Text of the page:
Meet a Retriever—Camilla Sandoval ’17, M.A. ’19, program coordinator for Maryland Humanities

Published: May 6, 2024

a woman in sleeveless shirt and glasses
Meet Camilla Sandoval ’17, history, M.A. ’19, historical studies, a first-generation student who spent part of her time on each of UMBC’s campuses before graduating and putting her studies to work. Today, she spends her days as the program coordinator for grants with Maryland Humanities, where she still employs lessons learned from her time as a Retriever. Thanks for sharing your story, Camilla!

Q: Briefly introduce yourself. What’s one essential thing you’d want another Retriever to know about you?

A: I am a first-generation college student, and I studied history and public history at UMBC’s Shady Grove campus (for my bachelor’s) and main campus (for my master’s). Both experiences were instrumental to my professional and personal growth. It was at UMBC where I started recognizing the humanities as a tool for community empowerment.

Q: What’s the one thing you’d want someone to know about the support you find here?

A: It was hard for me to accept when I had to ask for help—especially when I didn’t know what I didn’t know. But once I did, I found enormous support in my professors and in my cohort. They helped the academic experience feel less isolating and pushed me to believe in myself as much as they believed in me.

a female student stands next to a sign in the mountains

“This is me at Rocky Mountain National Park in August 2017, the summer between my undergraduate and graduate programs. I was there as part of the Latino Heritage Internship Program. Thank you to Dr. Melissa Blair for sharing the internship with me and helping with my application. This trip to Colorado has been one of the most rewarding experiences for me.”

Q: Where do you work? What do you enjoy most about it?

A: I’m currently the program coordinator for grants at Maryland Humanities, our state humanities council. In my role, I’m part of our grantmaking efforts. I’m able to help small humanities organizations across the state get access to funding that can be used for general operating expenses. I get the most joy out of hearing our grant recipients talk about using funds to continue preserving their local history or being able to keep their doors open for the communities they serve.

The history department at both UMBC- Shady Grove and the Catonsville campus were the biggest difference makers in my education and they have continued to support me in my professional career.

Camilla Sandoval ’17, history, M.A. ’19

Q: Tell us about your primary WHY, and how it led you to UMBC. 

A: I came to UMBC because it was my best opportunity to study my field of interest while staying close to my family. I came with the hope of finding guidance and direction. I always loved history and knew it was important for understanding myself and the world, but I needed to learn how that translated into a career in which I could use the skills to support and lift up my community and culture. My family and community gave me everything they could, and I was committed to setting myself up on a career path in which I could contribute back in any way I could.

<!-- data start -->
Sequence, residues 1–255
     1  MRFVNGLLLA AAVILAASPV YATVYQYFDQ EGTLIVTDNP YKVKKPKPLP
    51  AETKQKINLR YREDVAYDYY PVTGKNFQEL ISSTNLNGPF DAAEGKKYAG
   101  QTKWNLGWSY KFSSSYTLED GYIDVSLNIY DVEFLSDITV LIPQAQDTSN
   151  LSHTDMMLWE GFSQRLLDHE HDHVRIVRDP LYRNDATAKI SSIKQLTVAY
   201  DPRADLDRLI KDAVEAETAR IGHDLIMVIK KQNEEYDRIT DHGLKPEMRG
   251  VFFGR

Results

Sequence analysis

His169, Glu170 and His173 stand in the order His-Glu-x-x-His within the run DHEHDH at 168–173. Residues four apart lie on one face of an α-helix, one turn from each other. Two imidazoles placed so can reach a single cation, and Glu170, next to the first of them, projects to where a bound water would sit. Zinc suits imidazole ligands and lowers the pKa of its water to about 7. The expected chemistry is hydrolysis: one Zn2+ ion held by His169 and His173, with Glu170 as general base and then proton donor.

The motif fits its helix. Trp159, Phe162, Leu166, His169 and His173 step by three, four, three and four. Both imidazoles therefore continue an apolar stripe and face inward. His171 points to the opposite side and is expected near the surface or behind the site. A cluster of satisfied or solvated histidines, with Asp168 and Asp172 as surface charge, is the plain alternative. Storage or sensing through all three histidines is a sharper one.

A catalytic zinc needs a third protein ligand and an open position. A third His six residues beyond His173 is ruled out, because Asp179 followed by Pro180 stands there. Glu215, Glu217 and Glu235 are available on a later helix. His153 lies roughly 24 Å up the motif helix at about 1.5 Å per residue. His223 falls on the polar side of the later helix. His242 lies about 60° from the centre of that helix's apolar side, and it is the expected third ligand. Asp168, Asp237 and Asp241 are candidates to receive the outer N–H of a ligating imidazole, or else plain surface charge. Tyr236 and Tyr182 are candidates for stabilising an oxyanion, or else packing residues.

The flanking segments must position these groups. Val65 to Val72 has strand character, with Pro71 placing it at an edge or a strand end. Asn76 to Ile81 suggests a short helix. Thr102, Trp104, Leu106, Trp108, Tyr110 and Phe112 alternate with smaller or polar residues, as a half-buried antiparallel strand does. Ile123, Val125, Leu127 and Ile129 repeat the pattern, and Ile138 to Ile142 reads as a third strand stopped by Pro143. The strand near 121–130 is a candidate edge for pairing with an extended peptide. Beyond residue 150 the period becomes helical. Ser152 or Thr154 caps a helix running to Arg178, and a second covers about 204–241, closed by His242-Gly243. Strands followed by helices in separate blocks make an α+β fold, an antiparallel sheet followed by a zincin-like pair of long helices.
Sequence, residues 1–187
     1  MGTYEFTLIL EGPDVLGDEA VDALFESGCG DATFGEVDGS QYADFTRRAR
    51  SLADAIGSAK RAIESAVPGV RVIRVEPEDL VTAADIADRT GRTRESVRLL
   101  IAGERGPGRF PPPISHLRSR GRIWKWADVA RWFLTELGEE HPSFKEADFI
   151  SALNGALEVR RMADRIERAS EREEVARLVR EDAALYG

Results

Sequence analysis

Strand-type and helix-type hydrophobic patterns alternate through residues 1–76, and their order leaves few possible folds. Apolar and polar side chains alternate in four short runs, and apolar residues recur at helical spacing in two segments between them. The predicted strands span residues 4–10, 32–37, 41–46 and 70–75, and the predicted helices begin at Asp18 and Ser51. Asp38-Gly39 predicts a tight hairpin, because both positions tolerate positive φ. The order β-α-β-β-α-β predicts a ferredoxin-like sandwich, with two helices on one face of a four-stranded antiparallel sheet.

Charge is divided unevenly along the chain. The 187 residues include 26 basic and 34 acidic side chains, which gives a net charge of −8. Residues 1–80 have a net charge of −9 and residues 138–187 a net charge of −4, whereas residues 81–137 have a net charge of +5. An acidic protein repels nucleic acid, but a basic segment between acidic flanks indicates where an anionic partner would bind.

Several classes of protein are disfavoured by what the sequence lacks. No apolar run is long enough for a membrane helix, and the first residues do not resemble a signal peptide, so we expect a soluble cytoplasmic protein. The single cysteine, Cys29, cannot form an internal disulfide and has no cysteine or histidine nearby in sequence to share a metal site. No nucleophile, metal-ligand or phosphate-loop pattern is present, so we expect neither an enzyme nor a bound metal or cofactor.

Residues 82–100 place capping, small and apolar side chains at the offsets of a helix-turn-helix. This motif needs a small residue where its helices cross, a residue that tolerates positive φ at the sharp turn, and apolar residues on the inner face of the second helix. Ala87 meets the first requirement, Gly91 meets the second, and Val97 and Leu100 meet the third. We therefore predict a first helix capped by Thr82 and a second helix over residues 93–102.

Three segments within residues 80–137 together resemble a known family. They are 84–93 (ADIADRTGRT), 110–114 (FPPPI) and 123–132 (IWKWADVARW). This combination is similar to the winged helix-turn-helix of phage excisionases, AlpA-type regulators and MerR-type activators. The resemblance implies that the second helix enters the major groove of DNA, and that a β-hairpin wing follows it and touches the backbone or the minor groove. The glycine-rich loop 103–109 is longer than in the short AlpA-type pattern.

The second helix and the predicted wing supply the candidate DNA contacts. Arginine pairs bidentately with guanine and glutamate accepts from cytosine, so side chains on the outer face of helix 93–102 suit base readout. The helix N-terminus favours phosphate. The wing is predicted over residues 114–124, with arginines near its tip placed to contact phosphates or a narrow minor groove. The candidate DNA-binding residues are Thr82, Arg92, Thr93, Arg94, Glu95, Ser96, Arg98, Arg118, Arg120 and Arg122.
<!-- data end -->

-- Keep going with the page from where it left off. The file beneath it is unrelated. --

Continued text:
Two women pose outside, one of them wearing graduation regalia

This is my mom and me at my master’s graduation on main campus in May 2019. My family here in the U.S. and in El Salvador has always been the most important and supportive part of my life. I am where I am today because of my mom.”

Q: Tell us about the people who helped you grow at UMBC, and why their HOW made such a difference to you.

A: My time at UMBC introduced me to new ideas and opened opportunities I didn’t know existed, and helped me out of my comfort zone to develop my skills. I left with deeper appreciation for history and a better belief in myself. My history and public history professors were especially impactful. They guided me as a first-generation college student, encouraged me to consider going for my master’s degree, and led me to internships that served as critical stepping stones in my career. The history department at both UMBC- Shady Grove and the Catonsville campus were the biggest difference makers in my education and they have continued to support me in my professional career.

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UMBC’s greatest strength is its people. When people meet Retrievers and hear about the passion they bring, the relationships they create, the ways they support each other, and the commitment they have to inclusive excellence, they truly get a sense of our community. That’s what “Meet a Retriever” is all about.

Learn more about how UMBC can help you achieve your goals.

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